At the code level, a signal is merely an integer value; more correctly, it is a bit in a bitmask. It's important to understand that, although the signal may seem like an interrupt, it is not an interrupt. An interrupt is a hardware feature; a signal is purely a software mechanism.
OK, let's try a simple exercise: run a process, putting it in an infinite loop, and then manually send it a signal via the keyboard. Find the code in (ch11/sig1.c):
int main(void)
{
unsigned long int i=1;
while(1) {
printf("Looping, iteration #%02ld ...\n", i++);
(void)sleep(1);
}
exit (EXIT_SUCCESS);
}
Why is the sleep(1); code typecast to (void)? This is our way of informing the compiler (and possibly any static analysis tool) that we are not concerned about its return value. Well, the fact is we should be; there will be more on this later.
It's working is quite obvious: let's build and run it, and, after the third loop iteration, we press the Ctrl + C key combination on the keyboard.
$ ./sig1 
Looping, iteration #01 ...
Looping, iteration #02 ...
Looping, iteration #03 ...
^C
$
Yes, as expected, the process terminates. But how exactly did this happen?
Here is the answer in brief: signalling. More verbosely, this is what occurs (it's still kept simple, though): when the user presses the Ctrl + C key combination (shown as ^C in the output), the kernel's tty layer code processes this input, cooks the input key combination into, and delivers a signal to the foreground process on the shell.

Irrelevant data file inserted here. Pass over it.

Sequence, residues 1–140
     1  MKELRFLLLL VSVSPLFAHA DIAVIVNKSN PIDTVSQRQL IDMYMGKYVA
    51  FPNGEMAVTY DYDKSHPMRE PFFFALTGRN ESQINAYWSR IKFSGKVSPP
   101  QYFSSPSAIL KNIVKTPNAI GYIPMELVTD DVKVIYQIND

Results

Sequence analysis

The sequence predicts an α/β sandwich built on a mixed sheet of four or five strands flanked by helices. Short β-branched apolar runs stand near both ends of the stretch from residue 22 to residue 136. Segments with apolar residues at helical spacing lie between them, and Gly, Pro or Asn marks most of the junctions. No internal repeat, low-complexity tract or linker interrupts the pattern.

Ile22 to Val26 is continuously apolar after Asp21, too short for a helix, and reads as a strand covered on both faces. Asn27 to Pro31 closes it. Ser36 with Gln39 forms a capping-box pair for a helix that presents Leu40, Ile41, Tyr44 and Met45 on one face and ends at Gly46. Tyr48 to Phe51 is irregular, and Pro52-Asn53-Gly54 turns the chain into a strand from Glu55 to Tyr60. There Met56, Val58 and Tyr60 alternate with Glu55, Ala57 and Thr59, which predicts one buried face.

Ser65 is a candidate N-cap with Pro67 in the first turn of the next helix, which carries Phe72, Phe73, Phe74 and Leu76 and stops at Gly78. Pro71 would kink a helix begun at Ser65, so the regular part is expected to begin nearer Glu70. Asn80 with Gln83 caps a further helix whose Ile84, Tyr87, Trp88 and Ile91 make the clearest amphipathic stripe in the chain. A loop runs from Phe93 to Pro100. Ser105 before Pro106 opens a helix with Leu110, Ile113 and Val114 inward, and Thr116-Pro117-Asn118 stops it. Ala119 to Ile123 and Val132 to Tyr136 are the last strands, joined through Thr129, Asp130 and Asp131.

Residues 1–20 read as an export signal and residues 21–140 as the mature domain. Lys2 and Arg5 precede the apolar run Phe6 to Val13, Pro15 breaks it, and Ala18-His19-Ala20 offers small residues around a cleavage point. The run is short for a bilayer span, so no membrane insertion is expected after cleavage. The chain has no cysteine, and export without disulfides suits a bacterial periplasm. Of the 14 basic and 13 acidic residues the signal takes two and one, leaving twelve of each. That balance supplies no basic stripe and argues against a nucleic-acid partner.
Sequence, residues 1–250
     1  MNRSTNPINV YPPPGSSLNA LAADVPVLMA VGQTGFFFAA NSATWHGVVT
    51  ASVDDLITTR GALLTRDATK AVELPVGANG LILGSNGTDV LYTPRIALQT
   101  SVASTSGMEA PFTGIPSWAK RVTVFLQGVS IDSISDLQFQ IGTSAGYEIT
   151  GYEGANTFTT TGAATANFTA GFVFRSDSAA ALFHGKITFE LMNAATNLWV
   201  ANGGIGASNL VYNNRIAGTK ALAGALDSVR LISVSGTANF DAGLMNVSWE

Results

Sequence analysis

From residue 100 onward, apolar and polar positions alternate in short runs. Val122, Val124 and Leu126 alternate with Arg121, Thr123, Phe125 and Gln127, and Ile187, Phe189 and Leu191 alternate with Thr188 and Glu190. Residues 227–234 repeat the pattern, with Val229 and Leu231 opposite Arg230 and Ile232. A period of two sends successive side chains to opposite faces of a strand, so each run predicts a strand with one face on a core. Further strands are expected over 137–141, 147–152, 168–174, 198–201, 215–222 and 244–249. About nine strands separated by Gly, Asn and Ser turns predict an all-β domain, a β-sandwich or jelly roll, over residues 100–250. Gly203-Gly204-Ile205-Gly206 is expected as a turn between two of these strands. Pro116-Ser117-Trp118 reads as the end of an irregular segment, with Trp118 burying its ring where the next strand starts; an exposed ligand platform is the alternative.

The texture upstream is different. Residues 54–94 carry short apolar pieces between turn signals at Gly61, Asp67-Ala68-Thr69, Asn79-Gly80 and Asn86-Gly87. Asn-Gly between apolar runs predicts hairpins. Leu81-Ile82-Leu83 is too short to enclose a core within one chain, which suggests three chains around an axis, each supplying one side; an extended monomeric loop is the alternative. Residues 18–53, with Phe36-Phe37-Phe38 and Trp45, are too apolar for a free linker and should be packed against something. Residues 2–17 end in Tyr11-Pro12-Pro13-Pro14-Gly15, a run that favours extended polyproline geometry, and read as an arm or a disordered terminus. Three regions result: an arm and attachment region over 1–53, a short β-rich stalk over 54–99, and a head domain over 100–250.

But, hang on a second. Remember, a signal is just an integer value. So, which integer? Which signal? The Ctrl + C key combination is mapped to the the SIGINT signal, integer value 2, thus causing it to be delivered to the process. (The next section begins to explain the different signals; for now, let's not get too stressed out about it).
So, OK, the SIGINT signal, value 2, was delivered to our sig1 process. But then what? Here, again, is a key point: every signal is associated with a function to run when it is delivered; this function is called the signal handler. If we do not change it, the default signal function runs. Well, that brings up the question: Since we have not written any default (or other) signal-handling code, then who has provided this default signal handler function? The short answer is this: the OS (the kernel) handles all cases in which a process receives a signal for which the app has not installed any handler; in other words, for the default case.
The action performed by the signal handler function or the underlying kernel code determines what will happen to the target process when the signal arrives. So, now we can understand better: the action carried out by the default signal handler (kernel code, really) for the SIGINT signal is to terminate the process, in effect, causing the receiving process to die.
We show this in the form of a diagram as follows: